CBS 2 Investigates: Living Through An E-ZPass Nightmare

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ezpass-smallE-ZPass is supposed to be easier, faster and cheaper. But how would you feel if you knew the driver next to you was paying less for the same service?

When millions of drivers signed up for EZ-Pass they thought it meant the end of throwing money out the window.

“They charged us, with fines, about $100,” Roxanne Hartman told CBS 2’s Kristine Johnson.

“Every time I’ve crossed the bridge, they’ve charged me 16 bucks,” Jeff Hutchinson said.

“I got a ticket for $175,” added Robert Socolof.

“There has been no bigger issue as far as our members are concerned than E-ZPass, the inconveniences,” said Robert Sinclair of AAA.

And that’s not all. CBS 2 has discovered on at least one local roadway some drivers are paying more than others.

“It really seems contrary to the convenience that was touted as being associated with E-ZPass,” Sinclair said.

For example, if you drive the entire length of the New Jersey Turnpike – mid-day – you’ll pay $10.40 in tolls using an E-ZPass issued in New Jersey.

But drive with an E-ZPass issued by another state, including New York or Connecticut, and you’ll pay nearly $4 more for a total of $13.85.

“It’s really unfair, we think, to motorists,” Sinclair said.

Not everyone drives the entire stretch of the road, but even if you’re going a few exits you’ll still end up paying more than your New Jersey neighbor.

“That’s not how it’s supposed to work,” Socolof said.

“There’s probably a lot of people who don’t realize these things are happening,” Hartman added.

CBS 2 first exposed the E-ZPass problems, including overcharges, fines and technical glitches several months ago. Now, drivers tell us little has improved. For some it’s only gotten worse because of skyrocketing gas prices.

“I think the idea is a great idea, they just can’t deliver,” Socolof said.

Socolof said he’s so fed up with E-ZPass he’d rather sit in traffic and pay more than continue using it. He gave his E-ZPass tag back in protest.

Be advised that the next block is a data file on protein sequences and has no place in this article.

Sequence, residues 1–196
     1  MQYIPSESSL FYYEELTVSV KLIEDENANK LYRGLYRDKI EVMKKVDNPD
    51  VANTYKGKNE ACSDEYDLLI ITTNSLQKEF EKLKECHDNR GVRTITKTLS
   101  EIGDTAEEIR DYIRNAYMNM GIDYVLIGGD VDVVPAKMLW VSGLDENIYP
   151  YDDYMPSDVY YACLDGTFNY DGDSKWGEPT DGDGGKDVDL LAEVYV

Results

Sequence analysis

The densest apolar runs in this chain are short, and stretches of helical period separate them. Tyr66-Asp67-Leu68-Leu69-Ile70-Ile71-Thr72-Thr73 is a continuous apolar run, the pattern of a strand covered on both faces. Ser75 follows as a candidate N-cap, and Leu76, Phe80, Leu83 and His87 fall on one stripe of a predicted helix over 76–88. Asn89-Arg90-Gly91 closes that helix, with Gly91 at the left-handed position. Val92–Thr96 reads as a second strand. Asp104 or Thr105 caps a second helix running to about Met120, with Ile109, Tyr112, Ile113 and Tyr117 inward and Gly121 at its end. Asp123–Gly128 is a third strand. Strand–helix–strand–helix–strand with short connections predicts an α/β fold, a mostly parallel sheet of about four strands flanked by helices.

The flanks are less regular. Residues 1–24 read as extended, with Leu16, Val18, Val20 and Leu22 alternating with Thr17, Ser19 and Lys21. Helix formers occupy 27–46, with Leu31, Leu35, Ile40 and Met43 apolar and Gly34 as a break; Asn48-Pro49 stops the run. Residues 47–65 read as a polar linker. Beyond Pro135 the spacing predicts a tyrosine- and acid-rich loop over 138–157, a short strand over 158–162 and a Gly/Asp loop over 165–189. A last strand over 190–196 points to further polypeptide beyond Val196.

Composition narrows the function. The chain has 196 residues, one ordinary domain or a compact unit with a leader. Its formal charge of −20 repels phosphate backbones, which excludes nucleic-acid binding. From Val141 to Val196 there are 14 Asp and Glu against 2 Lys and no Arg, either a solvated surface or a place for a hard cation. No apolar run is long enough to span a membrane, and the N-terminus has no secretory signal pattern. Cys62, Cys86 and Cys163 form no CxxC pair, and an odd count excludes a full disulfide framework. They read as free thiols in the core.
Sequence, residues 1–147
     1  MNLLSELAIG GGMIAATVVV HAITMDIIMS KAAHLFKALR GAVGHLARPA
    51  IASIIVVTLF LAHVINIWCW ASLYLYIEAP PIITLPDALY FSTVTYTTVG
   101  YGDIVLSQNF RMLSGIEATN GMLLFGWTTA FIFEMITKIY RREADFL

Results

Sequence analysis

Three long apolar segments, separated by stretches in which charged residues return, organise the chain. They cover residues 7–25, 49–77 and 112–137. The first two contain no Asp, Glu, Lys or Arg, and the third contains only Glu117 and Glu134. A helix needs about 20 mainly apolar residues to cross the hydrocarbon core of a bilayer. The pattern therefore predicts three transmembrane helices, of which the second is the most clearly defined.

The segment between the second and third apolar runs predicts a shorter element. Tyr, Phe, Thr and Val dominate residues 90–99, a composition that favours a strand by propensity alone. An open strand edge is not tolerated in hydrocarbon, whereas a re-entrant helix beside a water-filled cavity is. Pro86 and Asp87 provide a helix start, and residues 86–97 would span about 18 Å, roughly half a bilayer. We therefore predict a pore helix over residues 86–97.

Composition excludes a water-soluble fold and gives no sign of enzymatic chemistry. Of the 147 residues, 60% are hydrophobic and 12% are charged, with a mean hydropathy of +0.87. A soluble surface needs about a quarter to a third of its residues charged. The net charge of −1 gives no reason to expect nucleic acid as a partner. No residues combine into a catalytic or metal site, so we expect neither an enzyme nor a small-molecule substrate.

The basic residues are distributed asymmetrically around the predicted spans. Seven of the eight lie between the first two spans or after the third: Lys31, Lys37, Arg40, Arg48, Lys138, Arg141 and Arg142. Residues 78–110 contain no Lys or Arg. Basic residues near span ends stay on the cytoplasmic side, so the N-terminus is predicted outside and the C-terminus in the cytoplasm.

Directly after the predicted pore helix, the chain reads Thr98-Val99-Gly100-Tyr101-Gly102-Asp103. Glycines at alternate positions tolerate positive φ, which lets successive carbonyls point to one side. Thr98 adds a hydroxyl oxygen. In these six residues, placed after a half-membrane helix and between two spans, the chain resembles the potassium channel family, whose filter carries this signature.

“I wait an extra four or five minutes every time I cross the bridge. I’m idling, I’m polluting, I’m wasting my time, but I don’t trust the system,” Socolof said.

Hutchinson said he feels the same way. He said he’s been charged nearly three times what he’s supposed to pay, and it’s happened more than once.

“My tag has been issued only to a passenger-type vehicle, but yet they charge me a commercial rate,” Hutchinson said.

It’s a common problem we hear about all the time: E-ZPass users from all across the country complain online, saying things like:

* “E-ZPass has been ripping me off for years.”

* “They are a bunch of crooks and run massive scams.”

* “Twice it has sent me a fine notice and a photo that SHOWS my transponder in the window.”
Hartman said E-ZPass actually drained her account without telling her.

“There’s still $15 outstanding,” Hartman said. “So when I was going down the New Jersey Turnpike, everything was saying ‘not paid.'”

Hartman said E-ZPass took money out of her personal account to cover her husband’s business account. And that’s not all. E-ZPass then fined her for the mix-up.

“I think there’s a lot of issues. I think they really need to fine-tune their system,” Hartman said.

Experts say a big part of the problem is that there’s no one, unified E-ZPass system. Different agencies – from the Metropolitan Transportation Authority to the Port Authority and the New Jersey Turnpike – oversee E-ZPass accounts, and there are no plans to change that.

{CBS Local/ Newscenter}


  1. That’s only one of the reasons I’d rather pay cash. It doesn’t even take long, if you’re prepared with change. I stock up on dollar coins and quarters which I get at the nearest bank.It’s no big deal.

  2. Dollar coins and quarters? Ha! Try crossing one of the PA or MTA bridges during rush hour (especially without EZPass) and see how that works for you.

  3. Just a thought: If you live in New Jersey you pay taxes in New Jersey, and part of those taxes go to pay for maintaining the NJ Turnpike. If you live in Brooklyn, you pay taxes in New York, which go to help keep up New York freeways. So in essence you’re getting your ride on the NJ Turnpike tax free. Why shouldn’t you pay a bit more? You’re not paying taxes to keep up the Turnpike. It’s the same with public/state colleges. If you pay taxes in-state, you get a break on tuition, because you’ve already paid part.

    Why should New Jersey give a free ride to all those out-of-staters who are just passing through?

  4. Oldtimer is a bit confused. The toll roads are supposed to be self supporting. If you live or don’t live in a particular locality, you pay according to your usage. The state does not subsidize you. The tolls pay the whole freight.

  5. What do you expect? first they said it was free! it doesnt cost you! we wont charge without consent! etc. and what do you know, as soon as everyone is hooked they start charging a fee raise the tolls hit you with fines all why? because they have your account and we the consumers dont see whats going on. the best is to boycott the whole thing!


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